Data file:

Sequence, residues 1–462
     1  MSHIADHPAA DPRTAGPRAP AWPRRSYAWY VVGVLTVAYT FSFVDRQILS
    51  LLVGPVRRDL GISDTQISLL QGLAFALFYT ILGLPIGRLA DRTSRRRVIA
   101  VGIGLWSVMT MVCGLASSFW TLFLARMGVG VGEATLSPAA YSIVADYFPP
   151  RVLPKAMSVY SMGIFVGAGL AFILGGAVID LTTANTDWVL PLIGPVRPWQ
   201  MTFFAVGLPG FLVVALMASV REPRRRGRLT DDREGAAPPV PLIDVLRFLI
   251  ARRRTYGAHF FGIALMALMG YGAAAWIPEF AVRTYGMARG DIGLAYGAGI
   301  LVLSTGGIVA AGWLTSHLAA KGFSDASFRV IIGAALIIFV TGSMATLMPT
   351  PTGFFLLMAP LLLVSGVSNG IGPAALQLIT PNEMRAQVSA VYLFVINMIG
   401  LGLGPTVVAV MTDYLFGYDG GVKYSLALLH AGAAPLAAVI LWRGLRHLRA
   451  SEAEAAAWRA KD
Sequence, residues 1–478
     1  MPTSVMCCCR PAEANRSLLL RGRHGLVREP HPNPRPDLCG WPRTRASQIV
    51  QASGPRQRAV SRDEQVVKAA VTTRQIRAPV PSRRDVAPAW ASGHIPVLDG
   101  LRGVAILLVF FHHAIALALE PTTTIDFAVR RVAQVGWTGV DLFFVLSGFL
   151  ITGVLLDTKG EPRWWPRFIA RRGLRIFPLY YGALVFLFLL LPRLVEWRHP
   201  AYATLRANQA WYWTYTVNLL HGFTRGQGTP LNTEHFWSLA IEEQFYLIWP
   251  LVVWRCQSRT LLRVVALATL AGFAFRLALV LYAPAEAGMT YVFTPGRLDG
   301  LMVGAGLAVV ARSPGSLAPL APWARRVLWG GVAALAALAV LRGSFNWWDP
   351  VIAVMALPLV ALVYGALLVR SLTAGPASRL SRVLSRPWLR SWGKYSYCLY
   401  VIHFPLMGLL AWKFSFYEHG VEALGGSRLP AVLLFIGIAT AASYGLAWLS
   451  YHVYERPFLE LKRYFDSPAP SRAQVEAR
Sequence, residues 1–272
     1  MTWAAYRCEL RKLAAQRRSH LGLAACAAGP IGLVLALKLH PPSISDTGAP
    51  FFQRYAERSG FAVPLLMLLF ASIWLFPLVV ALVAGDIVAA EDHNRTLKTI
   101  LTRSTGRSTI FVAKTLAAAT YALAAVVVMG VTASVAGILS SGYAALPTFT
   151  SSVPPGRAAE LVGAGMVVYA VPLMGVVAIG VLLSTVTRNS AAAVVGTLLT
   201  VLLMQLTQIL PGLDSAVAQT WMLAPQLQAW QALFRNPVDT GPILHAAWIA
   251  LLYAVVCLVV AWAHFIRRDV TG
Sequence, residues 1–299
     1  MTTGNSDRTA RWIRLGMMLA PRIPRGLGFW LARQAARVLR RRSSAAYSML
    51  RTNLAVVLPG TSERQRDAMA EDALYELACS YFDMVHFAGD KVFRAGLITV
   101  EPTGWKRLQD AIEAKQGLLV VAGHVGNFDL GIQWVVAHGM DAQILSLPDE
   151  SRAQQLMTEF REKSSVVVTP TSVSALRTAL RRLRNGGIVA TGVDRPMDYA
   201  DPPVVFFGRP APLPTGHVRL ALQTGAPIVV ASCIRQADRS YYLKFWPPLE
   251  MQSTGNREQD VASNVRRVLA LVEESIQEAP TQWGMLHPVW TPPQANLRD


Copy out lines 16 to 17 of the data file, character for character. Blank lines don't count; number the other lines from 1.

   151  ITGVLLDTKG EPRWWPRFIA RRGLRIFPLY YGALVFLFLL LPRLVEWRHP
   201  AYATLRANQA WYWTYTVNLL HGFTRGQGTP LNTEHFWSLA IEEQFYLIWP